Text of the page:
Student Mental Health

Student Mental Health

While Mark Mate focuses primarily on teachers, it’s becoming increasingly hard to not notice the rise in mental health concerns of students. Students’ mental health issues have become more and more prevalent in recent years. It’s long past the point of something needing to change.

The Statistics

In 2017, 12.8 per cent of five to 19 years olds showed signs of at least one mental health issue. A further five per cent met the criteria for two or more disorders. The interviews also showed a dramatic rise in the prevalence of mental health of mental health issues among children and young people over the last two decades.

15 year olds have been a key age group covered in all studies since the late 1990’s. The latest data for this age group shows 11.2 per cent of people in this age group suffer with their mental health. This is an increase of 15 per cent over 1999’s figure of 9.7 per cent.

Why The Change?

There are a number of factors that impact a young person’s mental health. Some of these have developed over more modern times, while some have always been there. Things  like family breakdown, mistreatment of children and bullying have always been a contributing factor to mental health issues, but in more recent years the rise of cyber-bullying has been increasingly hard to ignore.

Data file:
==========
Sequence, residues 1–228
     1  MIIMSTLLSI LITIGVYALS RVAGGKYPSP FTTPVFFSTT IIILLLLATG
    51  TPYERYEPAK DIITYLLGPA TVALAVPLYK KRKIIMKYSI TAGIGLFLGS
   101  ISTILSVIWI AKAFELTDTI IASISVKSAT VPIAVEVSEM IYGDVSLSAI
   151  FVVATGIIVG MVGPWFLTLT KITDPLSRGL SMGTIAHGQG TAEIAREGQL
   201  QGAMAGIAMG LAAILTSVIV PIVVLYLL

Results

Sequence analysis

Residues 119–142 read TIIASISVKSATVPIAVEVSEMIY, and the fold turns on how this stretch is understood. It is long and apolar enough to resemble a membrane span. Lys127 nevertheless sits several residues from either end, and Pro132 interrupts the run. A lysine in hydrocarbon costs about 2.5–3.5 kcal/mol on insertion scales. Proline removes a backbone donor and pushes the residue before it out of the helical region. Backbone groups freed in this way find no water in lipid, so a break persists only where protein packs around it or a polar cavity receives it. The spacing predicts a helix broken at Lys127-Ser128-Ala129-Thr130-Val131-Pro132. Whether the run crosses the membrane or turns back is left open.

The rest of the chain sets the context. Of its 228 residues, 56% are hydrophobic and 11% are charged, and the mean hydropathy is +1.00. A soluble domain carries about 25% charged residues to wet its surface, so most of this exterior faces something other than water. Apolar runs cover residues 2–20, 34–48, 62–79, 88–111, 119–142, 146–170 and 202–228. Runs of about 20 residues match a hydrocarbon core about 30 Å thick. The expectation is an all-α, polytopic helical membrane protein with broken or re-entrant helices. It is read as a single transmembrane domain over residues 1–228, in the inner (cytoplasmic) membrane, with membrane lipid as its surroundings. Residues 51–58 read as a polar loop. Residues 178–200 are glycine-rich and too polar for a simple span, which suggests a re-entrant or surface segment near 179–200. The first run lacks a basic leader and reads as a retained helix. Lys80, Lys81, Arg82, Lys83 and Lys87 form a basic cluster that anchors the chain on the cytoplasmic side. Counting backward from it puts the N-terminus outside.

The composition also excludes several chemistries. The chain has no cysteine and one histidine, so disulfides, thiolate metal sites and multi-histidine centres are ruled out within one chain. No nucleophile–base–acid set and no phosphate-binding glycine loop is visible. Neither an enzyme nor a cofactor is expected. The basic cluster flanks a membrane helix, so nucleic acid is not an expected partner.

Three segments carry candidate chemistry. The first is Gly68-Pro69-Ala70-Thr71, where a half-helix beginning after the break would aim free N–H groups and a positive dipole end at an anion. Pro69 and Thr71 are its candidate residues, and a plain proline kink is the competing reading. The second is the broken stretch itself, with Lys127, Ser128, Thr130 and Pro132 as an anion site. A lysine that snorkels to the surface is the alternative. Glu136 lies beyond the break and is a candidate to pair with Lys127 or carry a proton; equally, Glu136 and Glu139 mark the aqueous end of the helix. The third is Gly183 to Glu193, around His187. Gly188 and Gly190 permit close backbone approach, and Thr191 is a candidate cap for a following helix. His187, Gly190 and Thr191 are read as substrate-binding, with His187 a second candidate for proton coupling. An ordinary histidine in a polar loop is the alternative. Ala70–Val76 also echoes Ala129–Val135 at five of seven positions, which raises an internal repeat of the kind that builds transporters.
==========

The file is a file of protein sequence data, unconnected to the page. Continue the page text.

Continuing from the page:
Arguments and fall outs are of course a natural part of growing up, but now with the advent of social media and smartphones, confrontations aren’t always finished at the end of the school day. They can follow you home. In the ever-more-connected world we live in, young people permanently have access to each other. Bullying is categorised as repetitive, persistent and intended to be hurtful. We can all spot the signs of it happening in front of us, but not so much when it’s happening online, away from others’ eyes.

There is a long list of signs to keep an eye out for, these may include children:

  • avoiding school
  • becoming withdrawn or secretive
  • not having many (any) friends
  • having property that gets constantly damaged
  • appearing overly sensitive or easily distressed
  • having angry or explosive outbursts

Of course, bullying and cyber-bullying aren’t the only things that cause mental health problems in young people, but they’re arguably the most common.

How Can Schools Help

Schools can help perpetrators and victims of bullying by supporting all children to learn and use social and emotional skills. Skills such as relationship building and tolerance and empathy are invaluable when it comes to any form of bullying. Key messages around these areas should be consistently reinforced through broader curriculum activities.

The long term effects of bullying can be absolutely devastating, and schools should be paying attention to the needs of pupils who have been bullied. Additional support through counselling, or linking with an external community support service are two great ways of supporting victims of bullying in schools.

How does your school deal with bullying or cyber-bullying? Are you one of your schools leaders with this? We’d love to hear from you in the comments!

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